People For the American Way Foundation

Biden Judge Rules that Family Can Proceed with Case Against Police Officer who Shot Father Five Times

Biden Judge Rules that Family Can Proceed with Case Against Police Officer who Shot Father Five Times

Judge Rachel Bloomekatz, nominated by President Biden to the Sixth Circuit court of appeals, wrote a 2-1 decision that affirmed the denial of qualified immunity to a police officer who shot a suicidal man in his dining room five times, therefore allowing a civil rights case against the officer to go forward. The April 2024 decision was in Heeter v Bowers.


What is the background of this case?

 Bill Heeter lived with his wife and three children in a home in Columbus, Ohio. Shortly before Thanksgiving in 2018, he told his wife that he was about to commit suicide with a pistol he had with him at the kitchen table. She managed to get the children upstairs and summon the police. Heeter had moved to the dining room and told police he would put the gun down if they left.

Several officers entered the house and most of what happened is recorded on videotape. One officer, Kenneth Bowers, fired “five rounds from his M-16 service rifle” into Heeter’s chest, apparently without provocation. While waiting for paramedics to arrive, Officer Bowers “did not administer first aid or otherwise try to help” Heeter, although he was then still alive and “struggling to breathe.” Heeter was pronounced dead at the hospital.

On behalf of Heeter’s estate and children, Karen Heeter later filed suit against Bowers.  The complaint contended that Bowers had violated the Constitution by using excessive force in violation of the Fourth Amendment when he shot Heeter five times. It also maintains that Bowers violated Heeter’s “Fourteenth Amendment right to adequate medical care while in police custody” because he “stood idle” after paramedics were called “rather than provide the emergency first aid Mr. Heeter obviously needed.”

In federal court, Bowers claimed he was entitled to qualified immunity against the Heeter family claims. The district court rejected Bowers’ argument, and also found that in light of genuine disputes of material fact, a jury could find for the family. Bowers appealed the qualified immunity issue to the Sixth Circuit.


How did Judge Bloomekatz and the Sixth Circuit Rule and Why is it Important?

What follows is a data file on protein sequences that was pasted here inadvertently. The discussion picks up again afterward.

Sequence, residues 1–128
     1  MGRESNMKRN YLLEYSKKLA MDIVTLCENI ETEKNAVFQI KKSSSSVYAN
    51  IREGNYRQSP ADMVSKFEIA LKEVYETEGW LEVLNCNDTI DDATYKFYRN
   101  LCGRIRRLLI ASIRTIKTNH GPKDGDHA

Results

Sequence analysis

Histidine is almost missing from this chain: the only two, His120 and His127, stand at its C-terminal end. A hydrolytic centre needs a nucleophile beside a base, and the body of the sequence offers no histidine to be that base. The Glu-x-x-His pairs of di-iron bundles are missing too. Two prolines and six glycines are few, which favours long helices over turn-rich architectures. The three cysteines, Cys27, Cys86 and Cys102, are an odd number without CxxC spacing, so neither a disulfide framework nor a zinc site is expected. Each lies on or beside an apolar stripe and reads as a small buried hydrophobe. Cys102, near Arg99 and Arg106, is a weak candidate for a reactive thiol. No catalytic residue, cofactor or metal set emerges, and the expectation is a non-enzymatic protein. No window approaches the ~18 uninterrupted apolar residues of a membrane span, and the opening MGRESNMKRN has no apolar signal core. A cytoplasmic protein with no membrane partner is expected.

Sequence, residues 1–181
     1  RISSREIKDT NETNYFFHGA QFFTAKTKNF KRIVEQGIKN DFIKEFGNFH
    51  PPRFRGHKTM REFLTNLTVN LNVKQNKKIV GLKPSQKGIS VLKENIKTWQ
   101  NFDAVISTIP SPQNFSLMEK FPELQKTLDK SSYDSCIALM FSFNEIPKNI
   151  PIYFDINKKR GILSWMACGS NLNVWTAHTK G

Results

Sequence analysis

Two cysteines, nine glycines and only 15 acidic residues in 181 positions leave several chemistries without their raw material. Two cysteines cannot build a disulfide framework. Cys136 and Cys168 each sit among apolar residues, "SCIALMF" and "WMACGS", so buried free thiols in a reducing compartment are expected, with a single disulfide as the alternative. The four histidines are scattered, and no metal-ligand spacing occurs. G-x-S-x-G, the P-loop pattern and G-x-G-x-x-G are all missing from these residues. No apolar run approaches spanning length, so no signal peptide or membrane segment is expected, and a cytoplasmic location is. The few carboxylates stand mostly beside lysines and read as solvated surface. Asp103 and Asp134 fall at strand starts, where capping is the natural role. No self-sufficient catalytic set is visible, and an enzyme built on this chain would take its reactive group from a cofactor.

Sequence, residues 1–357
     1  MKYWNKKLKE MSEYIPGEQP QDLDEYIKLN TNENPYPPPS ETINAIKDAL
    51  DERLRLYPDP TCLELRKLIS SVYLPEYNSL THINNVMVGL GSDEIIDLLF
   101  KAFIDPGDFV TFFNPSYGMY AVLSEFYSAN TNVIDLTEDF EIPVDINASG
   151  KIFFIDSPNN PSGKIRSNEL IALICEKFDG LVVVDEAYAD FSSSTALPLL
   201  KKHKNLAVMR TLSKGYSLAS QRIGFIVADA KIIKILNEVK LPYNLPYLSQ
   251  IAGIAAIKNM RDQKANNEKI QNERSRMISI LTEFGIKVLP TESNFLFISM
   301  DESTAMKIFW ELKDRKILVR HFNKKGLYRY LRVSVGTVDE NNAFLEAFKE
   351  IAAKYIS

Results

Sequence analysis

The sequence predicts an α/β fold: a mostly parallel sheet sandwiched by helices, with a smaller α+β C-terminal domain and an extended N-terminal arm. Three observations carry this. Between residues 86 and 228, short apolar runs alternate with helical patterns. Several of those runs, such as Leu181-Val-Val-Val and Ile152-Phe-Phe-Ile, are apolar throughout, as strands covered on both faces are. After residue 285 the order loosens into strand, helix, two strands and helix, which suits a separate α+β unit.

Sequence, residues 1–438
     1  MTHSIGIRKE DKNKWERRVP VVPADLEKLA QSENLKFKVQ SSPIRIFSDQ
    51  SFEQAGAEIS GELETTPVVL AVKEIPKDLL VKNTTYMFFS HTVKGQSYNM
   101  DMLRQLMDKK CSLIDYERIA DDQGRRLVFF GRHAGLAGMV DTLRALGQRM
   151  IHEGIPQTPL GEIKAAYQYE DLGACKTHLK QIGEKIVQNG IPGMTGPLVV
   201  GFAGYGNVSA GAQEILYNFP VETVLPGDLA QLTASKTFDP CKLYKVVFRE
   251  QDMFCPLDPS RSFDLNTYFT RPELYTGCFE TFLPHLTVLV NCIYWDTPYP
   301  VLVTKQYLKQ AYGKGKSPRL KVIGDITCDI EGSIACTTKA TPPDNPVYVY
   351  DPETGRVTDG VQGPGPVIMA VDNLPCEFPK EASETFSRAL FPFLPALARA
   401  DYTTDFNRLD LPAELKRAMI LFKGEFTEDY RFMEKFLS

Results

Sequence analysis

Judge Bloomekatz wrote a 2-1 decision that affirmed the lower court’s denial of qualified immunity so that the case against Bowers can proceed. The third judge on the panel, Judge Eric Clay, agreed that the case against Bowers could proceed in the district court, but dissented because he thought the appeals court did not have jurisdiction of the appeal.

After carefully reviewing the record and relevant case law, Judge Bloomekatz concluded that “any reasonable officer” in Bowers’ position would have “objectively and ‘clearly understood that he was under an affirmative duty to have refrained from’ using deadly force against Mr. Heeter.” Accordingly, Bowers was not entitled to qualified immunity on the excessive force claim.

Bloomekatz also found that Bowers should not get qualified immunity on the Fourteenth Amendment claim because a reasonable jury could find that “Bowers violated Mr. Heeter’s due process rights to adequate medical care in police custody.” She specifically rejected Bowers’ claim that, based on a misunderstanding of prior case law, Bowers had “no further duty” to help Heeter after calling paramedics.

Judge Bloomekatz’s opinion was obviously important to the Heeter family, who can now proceed to get their day in court and obtain justice against Officer Bowers for his misconduct. The ruling also establishes and reinforces precedent concerning review of claims of police misconduct, particularly in the Sixth Circuit, which includes Ohio, Michigan, Kentucky, and Tennessee. In addition, it serves as a reminder of the importance of promptly confirming fair-minded judges like Judge Bloomekatz to our federal courts.